The amazing Jen at Sustainable(ish) recently held a week-long online festival about all things eco.  It was packed with speakers on topics from mending clothes to growing veg to inspiring your family to get involved.  The one thing I really liked, though, was her persistent question, "What are you going to do now?"  Every talk was ended with the challenge to make one small change as a result, and there was a pledge page to say what you were going to do.  I found that pointer from learning to following enormously helpful.  It was also great to have the emphasis on little steps, rather than feeling like you had to save the whole planet in one go.

As we follow and make changes, it inevitably leads us back to learning more and hearing more.  But the final step is also important.

sitting down

We need rest.  Changing and growing is exhausting, especially if we are trying to convince others to change too, or battling against opposition and circumstances.  We need time to sit down; or to walk, dance, lose ourselves in a book or play silly games with the kids.

Sitting down also carries the idea of reflecting and attending.  It gives us space to think about what we are doing and why we are doing it, and it gives us time to allow our creativity and imagination to work.  If we are following God, we sit down, like Mary, to attend to his words and spend time in his presence.  We "re-centre our scattered senses" in the words of Lectio 365.  Time spent sitting down isn't a waste, or an optional extra.  It's a full part of what we need to do.

In the autumn I attended an away day run by the Bishop of Derby.  Often a conference day will leave me so full of information that I feel like I need another day to process it all!  But this one was different.  Bishop Libby had structured it so that each section of speaking was followed by an equal amount of silent time to consider what we had heard.  We could pray (there were prompts if required), write, walk around the neighbourhood, or just sit in the beautiful building.  I came away feeling refreshed.  That time to sit down had been just what I needed in the busyness of life.

So sitting down re-invigorates us for the challenge of making changes.  We gain a new focus as we hear, learn, follow, and grow in new ways.

Image from Pixabay

Wednesday, 3 June 2020

Martha and Mary: What happened next?

My name is Martha and I work in a church kitchen.  So I tend to have a certain affinity with the Biblical story of Martha and Mary.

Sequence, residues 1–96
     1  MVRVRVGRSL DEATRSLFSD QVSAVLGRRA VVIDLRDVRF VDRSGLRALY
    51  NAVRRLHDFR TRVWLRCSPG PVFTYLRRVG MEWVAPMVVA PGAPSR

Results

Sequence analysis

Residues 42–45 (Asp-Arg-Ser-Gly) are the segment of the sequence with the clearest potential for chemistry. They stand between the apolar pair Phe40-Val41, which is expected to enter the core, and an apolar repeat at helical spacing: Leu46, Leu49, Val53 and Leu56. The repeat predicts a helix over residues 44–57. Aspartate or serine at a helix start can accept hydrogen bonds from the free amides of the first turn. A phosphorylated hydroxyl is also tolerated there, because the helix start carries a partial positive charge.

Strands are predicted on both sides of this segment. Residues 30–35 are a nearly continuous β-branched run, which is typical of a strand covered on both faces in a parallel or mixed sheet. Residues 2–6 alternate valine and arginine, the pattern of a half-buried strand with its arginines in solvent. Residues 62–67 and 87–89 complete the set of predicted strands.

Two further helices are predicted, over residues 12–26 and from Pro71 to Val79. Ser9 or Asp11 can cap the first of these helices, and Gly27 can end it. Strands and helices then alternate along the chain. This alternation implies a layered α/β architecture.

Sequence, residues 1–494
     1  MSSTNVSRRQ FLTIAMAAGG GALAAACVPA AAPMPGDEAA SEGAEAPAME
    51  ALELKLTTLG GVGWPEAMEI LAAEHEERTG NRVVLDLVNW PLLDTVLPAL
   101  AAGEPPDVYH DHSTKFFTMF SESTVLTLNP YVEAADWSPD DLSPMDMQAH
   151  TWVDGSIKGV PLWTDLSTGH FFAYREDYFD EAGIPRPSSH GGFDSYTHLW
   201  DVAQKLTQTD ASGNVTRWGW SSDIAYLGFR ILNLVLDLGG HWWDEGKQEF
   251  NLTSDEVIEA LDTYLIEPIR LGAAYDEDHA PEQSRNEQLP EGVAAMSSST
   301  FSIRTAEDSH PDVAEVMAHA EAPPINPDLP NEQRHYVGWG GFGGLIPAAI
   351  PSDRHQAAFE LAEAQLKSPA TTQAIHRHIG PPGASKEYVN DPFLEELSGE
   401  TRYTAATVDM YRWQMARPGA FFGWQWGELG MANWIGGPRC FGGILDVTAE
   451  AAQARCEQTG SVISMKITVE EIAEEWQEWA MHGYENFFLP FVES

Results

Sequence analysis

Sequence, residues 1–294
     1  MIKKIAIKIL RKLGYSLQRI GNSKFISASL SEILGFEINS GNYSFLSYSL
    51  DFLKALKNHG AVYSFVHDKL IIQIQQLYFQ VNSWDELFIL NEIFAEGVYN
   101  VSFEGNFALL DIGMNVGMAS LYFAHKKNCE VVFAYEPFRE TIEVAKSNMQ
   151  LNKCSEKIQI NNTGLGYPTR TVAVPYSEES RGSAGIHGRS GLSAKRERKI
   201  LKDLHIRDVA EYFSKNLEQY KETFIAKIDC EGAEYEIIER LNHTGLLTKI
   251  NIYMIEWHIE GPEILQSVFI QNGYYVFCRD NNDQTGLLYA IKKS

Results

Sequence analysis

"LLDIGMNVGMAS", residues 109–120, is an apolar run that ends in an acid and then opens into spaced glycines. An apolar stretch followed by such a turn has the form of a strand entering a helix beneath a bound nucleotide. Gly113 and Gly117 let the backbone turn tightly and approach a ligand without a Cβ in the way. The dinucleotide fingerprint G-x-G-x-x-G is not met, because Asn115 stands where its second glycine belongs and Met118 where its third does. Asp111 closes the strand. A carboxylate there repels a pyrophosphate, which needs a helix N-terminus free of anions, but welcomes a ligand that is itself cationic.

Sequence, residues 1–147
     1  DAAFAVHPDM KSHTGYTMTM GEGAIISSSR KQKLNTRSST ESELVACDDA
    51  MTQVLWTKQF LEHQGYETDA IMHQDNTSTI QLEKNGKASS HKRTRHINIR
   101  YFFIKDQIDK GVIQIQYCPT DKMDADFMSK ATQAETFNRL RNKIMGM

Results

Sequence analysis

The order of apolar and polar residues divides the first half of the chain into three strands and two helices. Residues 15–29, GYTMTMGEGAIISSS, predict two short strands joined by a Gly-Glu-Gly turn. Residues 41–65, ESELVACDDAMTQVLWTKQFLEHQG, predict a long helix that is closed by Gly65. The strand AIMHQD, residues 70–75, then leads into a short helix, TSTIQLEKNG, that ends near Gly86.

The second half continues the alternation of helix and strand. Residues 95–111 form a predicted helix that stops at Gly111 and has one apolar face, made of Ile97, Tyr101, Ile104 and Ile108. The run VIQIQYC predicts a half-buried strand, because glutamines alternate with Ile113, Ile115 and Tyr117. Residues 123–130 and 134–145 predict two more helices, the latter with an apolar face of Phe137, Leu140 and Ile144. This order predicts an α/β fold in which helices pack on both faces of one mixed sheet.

For those who are unfamiliar with the story, the traditional version is this.
Jesus and his friends went to stay with two sisters, Martha and Mary.  Mary spent her time sitting with Jesus and listening to all his stories, whereas Martha was trying to keep up with all the housework.  Finally Martha got fed up and went to Jesus.  "Don't you care that I'm doing all the work while Mary just sits here?" she asked him.  "Can't you tell her to help?"  But Jesus said, "Martha, you are worried and distracted by all the work, but there's only one thing you need to do.  Mary has chosen the better part, and it won't be taken away from her."
Source: Wikimedia Commons

(I rather like this picture.  Martha looks like she might just lob a dead bird at Jesus if he doesn't get up and help, pronto.)


Or the meme version:
This is Martha.

Martha runs around doing all the work.

This is Mary.

Mary sits and listens to Jesus.

Don't be like Martha.

Be like Mary.

Mary, clearly, is the one who has her priorities right in this story.  But you won't be surprised to hear that I have some sympathy with Martha.  After all, the work needed doing - she had a house full of people to look after.  Was she being unreasonable?

I think Martha was being very reasonable to stop and ask for help.  Because we don't, do we?  We soldier on, listening to our families sitting around, waiting in vain for them to realise what we want them to do.  We'll make cryptic comments, or hold whole conversations inside our own heads, but we'll never ask, because it should be obvious what needs doing!

But Martha asked.  So either she was desperate, or she was better than most of us at recognising her passive-aggressive tendencies.  At any rate, she went to Jesus and asked for what she needed.  And Jesus, as he did so often, looked at her and told her that actually, she needed something else.

The question is, how did he do it?  If you re-read the story, you'll see that it stops on quite a cliffhanger.  Jesus has uttered his nice neat phrase, but then what?  Does Martha sit down?  Or throw a dead bird at him?  Here are a few more possibilities.